[Skip to Content]
[Skip to Content Landing]
Review
March 27, 2018

HIV Preexposure Prophylaxis: A Review

Author Affiliations
  • 1Division of Infectious Diseases, Department of Internal Medicine, University of Michigan Medical Center, Ann Arbor
  • 2Department of Health Behavior and Health Education, University of Michigan School of Public Health, Ann Arbor
  • 3The Fenway Institute, Fenway Health, Boston, Massachusetts
  • 4Department of Medicine, Beth Israel Deaconess Medical Center/Harvard Medical School, Boston, Massachusetts
  • 5Department of Global Health and Population, Harvard School of Public Health, Boston, Massachusetts
JAMA. 2018;319(12):1261-1268. doi:10.1001/jama.2018.1917
Abstract

Importance  About 40 000 Americans and 2 million people worldwide are newly infected with HIV each year. The combination antiretroviral regimen, tenofovir disoproxil fumarate (TDF)/emtricitabine, taken as a single pill once daily, has been shown to prevent HIV transmission but is used by fewer than 20% of people who could benefit in the United States.

Observations  PubMed was searched on February 15, 2018, using the search terms pre-exposure, prophylaxis, HIV, and PrEP to identify English-language articles published between 2010 and 2018. Four placebo-controlled randomized clinical trials have demonstrated that preexposure prophylaxis (PrEP) with daily dosing of TDF/emtricitabine significantly reduces HIV acquisition in men who have sex with men, high-risk heterosexuals, and injection drug users who share injection equipment. The efficacy of daily TDF/emtricitabine exceeds 90% but is highly correlated with degree of adherence. TDF/emtricitabine is safe and well-tolerated. Only 2% of people discontinue PrEP because of adverse effects. Sexually transmitted infections are common among those using PrEP. Resistance to TDF/emtricitabine when used for PrEP is rare (<0.1%) and usually occurs when PrEP is inadvertently prescribed to individuals with undiagnosed acute HIV infection who have false-negative findings on HIV antibody/antigen testing due to HIV infection acquired within 7 to 10 days of testing. Effective methods are needed to identify individuals at high risk for acquiring HIV, ensure their access to PrEP, and maximize medication adherence.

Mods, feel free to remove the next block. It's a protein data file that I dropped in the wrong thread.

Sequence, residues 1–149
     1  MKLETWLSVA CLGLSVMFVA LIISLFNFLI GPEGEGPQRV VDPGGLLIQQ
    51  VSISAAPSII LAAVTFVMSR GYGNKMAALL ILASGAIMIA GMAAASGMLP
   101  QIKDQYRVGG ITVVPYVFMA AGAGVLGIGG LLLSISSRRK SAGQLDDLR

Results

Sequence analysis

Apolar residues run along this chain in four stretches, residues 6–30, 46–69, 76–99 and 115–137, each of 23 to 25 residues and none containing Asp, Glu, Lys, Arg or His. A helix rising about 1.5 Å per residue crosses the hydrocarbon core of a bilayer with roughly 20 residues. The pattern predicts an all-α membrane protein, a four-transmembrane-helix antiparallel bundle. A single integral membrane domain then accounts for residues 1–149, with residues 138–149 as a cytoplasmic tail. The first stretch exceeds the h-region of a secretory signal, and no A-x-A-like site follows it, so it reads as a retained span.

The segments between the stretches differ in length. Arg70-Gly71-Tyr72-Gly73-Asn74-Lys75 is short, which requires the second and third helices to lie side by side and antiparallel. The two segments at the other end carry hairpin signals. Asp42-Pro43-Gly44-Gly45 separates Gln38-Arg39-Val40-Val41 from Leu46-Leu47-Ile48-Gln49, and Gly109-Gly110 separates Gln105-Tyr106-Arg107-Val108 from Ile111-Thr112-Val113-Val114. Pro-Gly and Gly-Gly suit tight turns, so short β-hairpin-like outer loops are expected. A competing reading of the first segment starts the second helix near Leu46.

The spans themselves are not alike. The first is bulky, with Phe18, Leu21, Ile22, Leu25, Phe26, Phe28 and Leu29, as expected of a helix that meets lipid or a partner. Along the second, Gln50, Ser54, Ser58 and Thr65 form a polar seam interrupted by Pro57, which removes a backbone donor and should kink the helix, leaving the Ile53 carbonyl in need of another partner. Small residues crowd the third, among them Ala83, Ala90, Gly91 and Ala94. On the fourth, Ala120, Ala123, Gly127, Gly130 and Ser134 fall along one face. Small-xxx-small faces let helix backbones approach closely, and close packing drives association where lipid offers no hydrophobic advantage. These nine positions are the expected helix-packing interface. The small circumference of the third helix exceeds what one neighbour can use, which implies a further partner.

Conclusions and Relevance  TDF/emtricitabine is an effective and safe therapy for preventing HIV transmission. Increasing prescription of TDF/emtricitabine for patients at risk of acquiring HIV has the potential to reduce new HIV infections.

×